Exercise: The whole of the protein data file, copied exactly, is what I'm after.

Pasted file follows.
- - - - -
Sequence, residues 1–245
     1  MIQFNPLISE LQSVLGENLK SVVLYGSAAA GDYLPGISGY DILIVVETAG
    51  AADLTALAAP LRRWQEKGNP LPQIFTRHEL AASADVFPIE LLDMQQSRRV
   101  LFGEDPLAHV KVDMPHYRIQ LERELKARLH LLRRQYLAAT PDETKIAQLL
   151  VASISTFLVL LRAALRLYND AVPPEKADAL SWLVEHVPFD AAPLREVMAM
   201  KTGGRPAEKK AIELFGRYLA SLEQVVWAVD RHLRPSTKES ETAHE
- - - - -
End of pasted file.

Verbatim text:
Sequence, residues 1–245
     1  MIQFNPLISE LQSVLGENLK SVVLYGSAAA GDYLPGISGY DILIVVETAG
    51  AADLTALAAP LRRWQEKGNP LPQIFTRHEL AASADVFPIE LLDMQQSRRV
   101  LFGEDPLAHV KVDMPHYRIQ LERELKARLH LLRRQYLAAT PDETKIAQLL
   151  VASISTFLVL LRAALRLYND AVPPEKADAL SWLVEHVPFD AAPLREVMAM
   201  KTGGRPAEKK AIELFGRYLA SLEQVVWAVD RHLRPSTKES ETAHE